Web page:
Small businesses want customers to pay rewards card fees
Archive 2014 Jan 20, 2014 Stephanie DePetrillo
Small businesses may soon be able to charge customers an extra fee for using credit cards with rewards plans. The Canadian Federation of Independent Businesses (CFIB) is working to get this along with other regulations passed that would relieve small business of hidden costs they incur when customers use special rewards cards.
Mike Kasij is the district manager of CFIB’s Toronto core has been working with the company for two years.
“We take information from the bottom, the business owners, and bring it up to the top, to the policy makers,” says Kasij.
Kasij says this membership gives business owners confidence that they are being represented and have a voice in policy change. The CFIB has a democratic approach, and representatives keep in contact with business owners by sending out e-mails and questionnaires to help understand issues that businesses may be facing.
It is no new issue for businesses to pay fees for credit card purchases, but according to the CFIB website there are over 70 premium or commercial credit cards some carry a merchant fee of 2.64 percent per transaction. Regular VISA and MasterCard charges are a minimum of 1.64 percent.
Paul Cass, owner of Account 4It Canada Inc., works with small business owners and often finds they are confused about fees that show up at the end of the month.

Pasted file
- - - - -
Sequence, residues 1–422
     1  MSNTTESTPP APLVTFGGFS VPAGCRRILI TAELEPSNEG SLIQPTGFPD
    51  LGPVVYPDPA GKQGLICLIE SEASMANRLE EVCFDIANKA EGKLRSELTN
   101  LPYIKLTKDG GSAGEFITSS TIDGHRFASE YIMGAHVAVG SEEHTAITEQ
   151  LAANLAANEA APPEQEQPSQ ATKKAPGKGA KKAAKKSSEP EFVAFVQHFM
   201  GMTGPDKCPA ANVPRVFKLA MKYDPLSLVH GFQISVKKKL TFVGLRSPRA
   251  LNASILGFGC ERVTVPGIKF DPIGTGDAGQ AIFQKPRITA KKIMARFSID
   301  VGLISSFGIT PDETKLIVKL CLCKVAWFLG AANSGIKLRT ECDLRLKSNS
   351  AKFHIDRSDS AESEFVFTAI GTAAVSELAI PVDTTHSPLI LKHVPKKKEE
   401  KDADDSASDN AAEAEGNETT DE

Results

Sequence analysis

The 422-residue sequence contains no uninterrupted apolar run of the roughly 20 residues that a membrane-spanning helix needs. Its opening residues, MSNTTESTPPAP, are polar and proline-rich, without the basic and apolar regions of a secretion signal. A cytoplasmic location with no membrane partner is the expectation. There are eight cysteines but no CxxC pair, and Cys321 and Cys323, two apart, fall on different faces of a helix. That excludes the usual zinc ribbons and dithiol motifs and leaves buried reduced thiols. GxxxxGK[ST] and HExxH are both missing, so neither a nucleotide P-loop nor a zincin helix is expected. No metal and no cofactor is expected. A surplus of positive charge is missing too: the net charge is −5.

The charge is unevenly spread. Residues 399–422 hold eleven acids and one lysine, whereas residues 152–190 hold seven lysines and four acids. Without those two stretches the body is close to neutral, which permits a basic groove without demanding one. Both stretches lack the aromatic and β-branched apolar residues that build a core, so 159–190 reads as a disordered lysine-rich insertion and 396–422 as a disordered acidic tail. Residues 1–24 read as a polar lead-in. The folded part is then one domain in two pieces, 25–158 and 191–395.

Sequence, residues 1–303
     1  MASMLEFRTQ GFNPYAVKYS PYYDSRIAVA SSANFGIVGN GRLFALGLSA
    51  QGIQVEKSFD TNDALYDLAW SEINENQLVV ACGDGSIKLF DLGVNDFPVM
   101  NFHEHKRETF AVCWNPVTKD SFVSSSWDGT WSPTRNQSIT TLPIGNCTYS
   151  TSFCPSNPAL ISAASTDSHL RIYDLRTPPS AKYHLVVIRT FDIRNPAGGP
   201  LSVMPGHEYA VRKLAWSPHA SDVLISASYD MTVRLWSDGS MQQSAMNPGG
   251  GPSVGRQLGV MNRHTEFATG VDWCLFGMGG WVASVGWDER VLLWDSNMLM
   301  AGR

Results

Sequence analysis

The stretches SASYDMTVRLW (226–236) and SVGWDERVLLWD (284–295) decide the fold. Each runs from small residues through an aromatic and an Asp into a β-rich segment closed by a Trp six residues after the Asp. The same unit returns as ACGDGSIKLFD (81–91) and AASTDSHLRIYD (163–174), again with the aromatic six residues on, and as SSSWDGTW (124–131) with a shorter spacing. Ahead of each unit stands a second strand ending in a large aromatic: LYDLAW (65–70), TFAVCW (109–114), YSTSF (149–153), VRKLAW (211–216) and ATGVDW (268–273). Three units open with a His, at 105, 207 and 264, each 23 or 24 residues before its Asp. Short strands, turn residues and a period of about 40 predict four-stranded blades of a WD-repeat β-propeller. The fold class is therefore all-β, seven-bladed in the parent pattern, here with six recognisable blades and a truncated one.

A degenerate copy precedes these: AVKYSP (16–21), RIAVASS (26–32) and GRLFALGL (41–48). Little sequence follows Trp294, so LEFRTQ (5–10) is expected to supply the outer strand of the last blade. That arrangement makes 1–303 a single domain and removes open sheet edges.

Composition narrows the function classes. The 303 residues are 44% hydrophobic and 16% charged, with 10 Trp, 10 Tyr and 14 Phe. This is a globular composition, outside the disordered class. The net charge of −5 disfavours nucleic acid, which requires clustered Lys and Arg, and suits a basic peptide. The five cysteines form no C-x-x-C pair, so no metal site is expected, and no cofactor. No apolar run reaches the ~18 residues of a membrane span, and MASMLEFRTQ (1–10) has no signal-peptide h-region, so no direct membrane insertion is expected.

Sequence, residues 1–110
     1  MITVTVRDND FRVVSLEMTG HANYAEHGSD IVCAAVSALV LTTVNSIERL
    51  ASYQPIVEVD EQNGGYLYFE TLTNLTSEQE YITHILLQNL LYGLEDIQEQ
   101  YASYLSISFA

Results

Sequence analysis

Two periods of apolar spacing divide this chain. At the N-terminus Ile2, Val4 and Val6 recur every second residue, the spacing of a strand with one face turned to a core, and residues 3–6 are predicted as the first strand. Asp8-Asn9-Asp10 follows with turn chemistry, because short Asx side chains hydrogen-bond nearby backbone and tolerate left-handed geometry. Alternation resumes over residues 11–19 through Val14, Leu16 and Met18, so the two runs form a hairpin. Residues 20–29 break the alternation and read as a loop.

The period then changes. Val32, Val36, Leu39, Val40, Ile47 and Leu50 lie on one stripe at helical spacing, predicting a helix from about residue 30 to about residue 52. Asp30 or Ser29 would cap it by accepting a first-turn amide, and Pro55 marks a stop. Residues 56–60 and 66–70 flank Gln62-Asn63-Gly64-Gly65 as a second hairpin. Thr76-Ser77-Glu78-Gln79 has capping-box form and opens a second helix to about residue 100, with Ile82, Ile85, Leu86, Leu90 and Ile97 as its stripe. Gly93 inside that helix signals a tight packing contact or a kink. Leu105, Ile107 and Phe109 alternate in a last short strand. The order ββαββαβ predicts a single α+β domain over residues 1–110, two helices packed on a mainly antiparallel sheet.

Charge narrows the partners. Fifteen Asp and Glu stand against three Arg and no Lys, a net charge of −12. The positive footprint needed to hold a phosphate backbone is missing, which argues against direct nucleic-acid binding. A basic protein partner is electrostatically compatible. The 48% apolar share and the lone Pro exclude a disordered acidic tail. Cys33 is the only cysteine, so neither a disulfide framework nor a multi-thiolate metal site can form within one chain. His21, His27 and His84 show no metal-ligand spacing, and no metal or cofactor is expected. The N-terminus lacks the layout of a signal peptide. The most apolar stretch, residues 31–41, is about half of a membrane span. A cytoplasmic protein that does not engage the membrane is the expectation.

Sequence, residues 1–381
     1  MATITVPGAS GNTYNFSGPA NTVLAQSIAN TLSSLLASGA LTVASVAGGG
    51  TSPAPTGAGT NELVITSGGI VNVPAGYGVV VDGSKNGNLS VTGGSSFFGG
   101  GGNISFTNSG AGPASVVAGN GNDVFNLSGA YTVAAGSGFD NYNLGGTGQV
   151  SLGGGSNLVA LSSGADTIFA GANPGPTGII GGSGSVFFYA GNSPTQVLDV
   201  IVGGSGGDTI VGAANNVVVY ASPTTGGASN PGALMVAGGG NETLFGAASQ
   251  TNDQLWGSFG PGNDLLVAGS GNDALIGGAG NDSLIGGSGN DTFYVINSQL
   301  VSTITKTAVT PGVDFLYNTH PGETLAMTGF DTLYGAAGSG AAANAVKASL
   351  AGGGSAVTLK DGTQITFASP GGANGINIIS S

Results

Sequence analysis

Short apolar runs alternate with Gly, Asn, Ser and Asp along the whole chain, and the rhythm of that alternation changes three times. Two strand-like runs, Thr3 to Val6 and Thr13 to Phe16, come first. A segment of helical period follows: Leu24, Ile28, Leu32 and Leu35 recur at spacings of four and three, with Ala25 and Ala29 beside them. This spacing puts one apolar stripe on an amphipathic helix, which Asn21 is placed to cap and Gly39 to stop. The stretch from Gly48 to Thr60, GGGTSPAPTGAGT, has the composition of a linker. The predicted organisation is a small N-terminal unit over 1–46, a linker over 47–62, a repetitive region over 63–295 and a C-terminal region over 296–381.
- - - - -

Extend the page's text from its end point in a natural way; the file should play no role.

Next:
“There are fees that Visa and MasterCard charges, and nine cents or 13 cents per transaction doesn’t sound like much, but when you put that on top of other fees, over time it adds up,” says Cass.
CFIB promotes Credit Free Friday, and has downloadable PDFs available on their website that shop owners can print and display to encourage customers to use debit or cash. Even with notices and information available, Cass says cardholders believe this is just the cost of doing business.
Ian Bone, 22, is in his second year of Creative Advertising at Humber College. Bone says he got a student Visa card so he could buy a computer and that he is aware of the charges small businesses have to pay.
“I used to work at a small bike store and we would give discounts to people that used cash,” says Bone.
Not everyone is informed though. Second-year criminal justice student Zachary Davis, 19, says he didn’t realize that points cards come with extra fees for businesses.
“I use it for every other purchase, I want to get my points up,” says Davis. “Knowing this now will probably make me second guess my purchases at smaller businssess. They’re struggling to make it big so why not help?”